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Home / Articles / Identifying Abuse / Why We Can't Blame Abuse on Alcohol

Why We Can't Blame Abuse on Alcohol

Dispelling the common myth that batterers abuse because they’re drunk, and will stop when sober

  • By
  • Apr 25, 2016
Why We Can't Blame Abuse on Alcohol

It’s all too often heard that someone’s partner is only mean/violent/abusive when they’re drinking.

“If only he [or she] stopped drinking, we’d be fine.”

Unfortunately, this argument seldom holds water. Put bluntly, says Larry Bennett, PhD, licensed social worker and professor at the Indiana University School of Social Work, “A batterer who quits drinking is a sober batterer.”

While alcohol can’t take the entirety of the blame for an abuser’s behavior, Bennett says it’s also incorrect to say they’re not connected at all, either. “You can find plenty of examples of individuals who have been sober for decades and are still violent. By the same token, there are some cases where alcohol is almost toxic to the person, where they wouldn’t do things when they’re sober that they do when they’re intoxicated.”

In a paper he co-authored in 2011 titled Substance Abuse and Intimate Partner Violence, Bennett found that research showed nearly half of all men in batterer intervention programs had substance abuse issues and that they were eight times more likely to be abusive on a day in which they were drinking.

“A common misunderstanding is that men who batter are extremely intoxicated and out of control when they batter,” Bennett writes. “Despite the impairment in men's behavior caused by alcohol and drugs, IPV [intimate partner violence] remains a matter of choice. IPV usually occurs in a safe setting (for the batterer), selected for the protection it affords him, at a time of his choosing, with a predictable victim. The fact that violence rarely occurs outside men's comfort zone suggests that men who batter are very much in control, not out of control.”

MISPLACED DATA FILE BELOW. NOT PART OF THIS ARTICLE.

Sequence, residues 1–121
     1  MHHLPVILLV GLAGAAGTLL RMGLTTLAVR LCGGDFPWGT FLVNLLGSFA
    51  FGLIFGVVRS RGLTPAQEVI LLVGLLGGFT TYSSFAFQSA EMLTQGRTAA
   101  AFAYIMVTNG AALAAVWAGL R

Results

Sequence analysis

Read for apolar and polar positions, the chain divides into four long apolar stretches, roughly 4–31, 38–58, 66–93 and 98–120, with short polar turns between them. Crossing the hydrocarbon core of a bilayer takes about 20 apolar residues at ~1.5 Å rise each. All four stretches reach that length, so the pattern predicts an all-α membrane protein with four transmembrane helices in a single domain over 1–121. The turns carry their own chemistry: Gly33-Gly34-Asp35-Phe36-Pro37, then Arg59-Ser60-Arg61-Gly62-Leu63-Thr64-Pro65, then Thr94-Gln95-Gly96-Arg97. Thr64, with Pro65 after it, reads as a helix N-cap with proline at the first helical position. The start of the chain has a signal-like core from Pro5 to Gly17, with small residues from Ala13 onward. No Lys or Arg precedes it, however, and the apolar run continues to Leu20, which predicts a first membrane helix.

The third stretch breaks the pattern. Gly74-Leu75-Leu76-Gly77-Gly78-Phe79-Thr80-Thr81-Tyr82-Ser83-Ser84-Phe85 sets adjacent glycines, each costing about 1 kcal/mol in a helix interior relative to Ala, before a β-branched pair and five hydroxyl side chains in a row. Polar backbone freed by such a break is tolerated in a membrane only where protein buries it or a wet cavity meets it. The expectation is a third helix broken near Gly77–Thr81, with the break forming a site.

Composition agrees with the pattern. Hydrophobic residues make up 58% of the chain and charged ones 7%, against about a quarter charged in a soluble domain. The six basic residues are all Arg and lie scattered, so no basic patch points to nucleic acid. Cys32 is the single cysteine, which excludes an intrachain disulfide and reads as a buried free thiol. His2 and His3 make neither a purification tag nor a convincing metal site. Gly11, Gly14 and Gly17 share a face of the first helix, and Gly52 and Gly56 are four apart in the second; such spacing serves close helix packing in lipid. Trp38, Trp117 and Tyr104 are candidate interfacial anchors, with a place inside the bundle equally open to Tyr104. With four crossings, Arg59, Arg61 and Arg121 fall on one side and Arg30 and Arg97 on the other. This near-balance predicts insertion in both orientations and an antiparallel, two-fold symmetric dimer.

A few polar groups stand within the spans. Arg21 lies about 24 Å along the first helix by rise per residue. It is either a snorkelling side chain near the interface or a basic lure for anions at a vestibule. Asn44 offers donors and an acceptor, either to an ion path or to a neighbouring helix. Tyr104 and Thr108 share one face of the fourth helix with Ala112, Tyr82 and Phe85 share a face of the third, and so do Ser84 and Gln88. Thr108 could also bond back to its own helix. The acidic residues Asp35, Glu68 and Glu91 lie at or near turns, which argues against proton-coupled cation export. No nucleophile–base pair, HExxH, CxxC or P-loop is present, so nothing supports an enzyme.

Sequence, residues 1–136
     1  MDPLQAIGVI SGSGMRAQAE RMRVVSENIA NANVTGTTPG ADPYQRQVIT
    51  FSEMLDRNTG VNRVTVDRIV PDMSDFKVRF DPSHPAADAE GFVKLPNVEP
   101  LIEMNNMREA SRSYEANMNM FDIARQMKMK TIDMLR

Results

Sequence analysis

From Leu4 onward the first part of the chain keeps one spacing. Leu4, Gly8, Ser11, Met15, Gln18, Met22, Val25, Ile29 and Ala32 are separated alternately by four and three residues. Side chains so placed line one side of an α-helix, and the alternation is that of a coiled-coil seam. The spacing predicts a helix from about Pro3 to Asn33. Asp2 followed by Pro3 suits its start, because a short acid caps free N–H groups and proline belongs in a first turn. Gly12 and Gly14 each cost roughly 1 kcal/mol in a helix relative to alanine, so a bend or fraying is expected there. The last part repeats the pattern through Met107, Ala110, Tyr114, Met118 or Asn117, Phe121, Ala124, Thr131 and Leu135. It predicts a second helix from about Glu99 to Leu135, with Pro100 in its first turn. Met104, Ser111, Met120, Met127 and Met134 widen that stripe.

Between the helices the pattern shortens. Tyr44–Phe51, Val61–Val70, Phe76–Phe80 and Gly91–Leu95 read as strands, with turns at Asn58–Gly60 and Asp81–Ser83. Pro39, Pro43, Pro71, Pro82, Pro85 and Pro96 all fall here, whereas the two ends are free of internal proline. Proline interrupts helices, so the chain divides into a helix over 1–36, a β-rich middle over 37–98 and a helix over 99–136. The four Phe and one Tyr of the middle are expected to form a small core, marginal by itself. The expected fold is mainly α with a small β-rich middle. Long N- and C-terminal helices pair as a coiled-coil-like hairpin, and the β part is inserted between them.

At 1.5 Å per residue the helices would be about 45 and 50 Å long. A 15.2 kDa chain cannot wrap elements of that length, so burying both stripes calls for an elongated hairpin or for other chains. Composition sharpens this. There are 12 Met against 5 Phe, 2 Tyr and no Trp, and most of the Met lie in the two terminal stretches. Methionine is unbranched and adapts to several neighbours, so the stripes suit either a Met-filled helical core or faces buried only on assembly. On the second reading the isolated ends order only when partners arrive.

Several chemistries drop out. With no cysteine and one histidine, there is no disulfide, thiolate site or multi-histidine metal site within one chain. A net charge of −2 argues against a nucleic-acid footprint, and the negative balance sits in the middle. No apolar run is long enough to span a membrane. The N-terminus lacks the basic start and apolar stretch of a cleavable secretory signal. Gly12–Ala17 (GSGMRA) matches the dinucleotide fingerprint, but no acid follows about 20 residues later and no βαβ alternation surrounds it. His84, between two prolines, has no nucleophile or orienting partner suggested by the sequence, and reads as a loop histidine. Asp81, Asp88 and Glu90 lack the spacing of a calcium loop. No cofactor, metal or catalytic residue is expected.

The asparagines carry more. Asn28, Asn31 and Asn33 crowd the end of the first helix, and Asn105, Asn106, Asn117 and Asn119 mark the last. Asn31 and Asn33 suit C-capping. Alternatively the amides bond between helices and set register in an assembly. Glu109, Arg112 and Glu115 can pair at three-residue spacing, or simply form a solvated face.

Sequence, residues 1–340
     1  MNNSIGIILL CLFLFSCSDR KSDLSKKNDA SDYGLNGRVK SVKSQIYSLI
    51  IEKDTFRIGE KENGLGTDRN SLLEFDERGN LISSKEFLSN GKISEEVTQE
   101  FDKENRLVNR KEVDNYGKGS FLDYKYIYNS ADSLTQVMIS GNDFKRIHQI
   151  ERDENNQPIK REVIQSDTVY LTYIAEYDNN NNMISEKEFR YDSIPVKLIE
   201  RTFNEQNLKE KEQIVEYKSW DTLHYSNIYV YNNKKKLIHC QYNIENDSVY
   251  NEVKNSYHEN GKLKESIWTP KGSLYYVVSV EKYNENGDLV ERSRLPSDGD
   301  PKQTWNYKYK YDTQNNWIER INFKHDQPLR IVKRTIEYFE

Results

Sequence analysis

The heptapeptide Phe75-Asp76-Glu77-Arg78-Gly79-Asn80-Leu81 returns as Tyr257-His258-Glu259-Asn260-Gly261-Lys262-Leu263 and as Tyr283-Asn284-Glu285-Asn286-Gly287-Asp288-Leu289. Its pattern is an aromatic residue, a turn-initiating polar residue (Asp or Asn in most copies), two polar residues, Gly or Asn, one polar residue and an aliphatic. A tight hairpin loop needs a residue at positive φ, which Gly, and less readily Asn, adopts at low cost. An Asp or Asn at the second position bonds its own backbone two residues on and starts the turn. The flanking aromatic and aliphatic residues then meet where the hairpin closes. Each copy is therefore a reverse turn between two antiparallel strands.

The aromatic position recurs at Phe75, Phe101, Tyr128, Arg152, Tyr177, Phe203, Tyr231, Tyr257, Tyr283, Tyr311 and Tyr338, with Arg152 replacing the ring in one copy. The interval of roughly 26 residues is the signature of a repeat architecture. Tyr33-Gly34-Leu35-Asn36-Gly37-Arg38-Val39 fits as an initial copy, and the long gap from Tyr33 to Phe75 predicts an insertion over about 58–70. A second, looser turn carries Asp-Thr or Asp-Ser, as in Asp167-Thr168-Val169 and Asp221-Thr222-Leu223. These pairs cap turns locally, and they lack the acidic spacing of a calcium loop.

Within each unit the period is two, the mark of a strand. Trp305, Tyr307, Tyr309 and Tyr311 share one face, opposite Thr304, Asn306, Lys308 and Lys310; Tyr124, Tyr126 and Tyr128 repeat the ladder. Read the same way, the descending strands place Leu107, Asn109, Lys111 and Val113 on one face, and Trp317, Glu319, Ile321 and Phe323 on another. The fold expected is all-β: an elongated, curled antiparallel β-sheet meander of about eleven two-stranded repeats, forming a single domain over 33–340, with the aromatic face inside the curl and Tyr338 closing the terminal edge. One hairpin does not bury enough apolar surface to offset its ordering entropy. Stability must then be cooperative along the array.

Bennett says he’s heard similar accounts from many survivors he’s talked to for his research: “Yeah, he’s fine when he’s drinking beer, when he switches to Jack, that’s when I’m getting hurt.” For a lot of abusers, drinking gives them a sense of entitlement to do what they do, he adds, and it’s an excuse both abusers and some of their victims want to believe.

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“Because why not? Why would you think someone you love would treat you like that if not for an outside reason like alcohol?”

Bennett says alcoholism doesn’t cause domestic violence any more than poverty, depression or trauma history does, but like those factors, alcohol almost always makes existing abuse worse. “Abusers carry with them their aggressiveness, sense of entitlement and hostility. Unless you address those things, their behavior isn’t going to change when sober.”

He does acknowledge that he’s found some abusers or would-be abusers who have enrolled in addiction treatment and, then, something clicks. “The haze goes away and they’re this new person and they’re open to new information. They’re willing to examine their controlling behavior. For that select group, sobriety alone reduces domestic violence. But, that’s not a very big group.”

Bennett says survivors should be wary of any promises made their abuser. “Going to treatment, in itself, is a kind of control. If you allow yourself to be controlled by the belief or promise that he or she is going to change, you might be selling yourself short.”

To learn more about leaving your abuser, and how to know when the right time to leave is, check out the articles in our Escaping Violence section.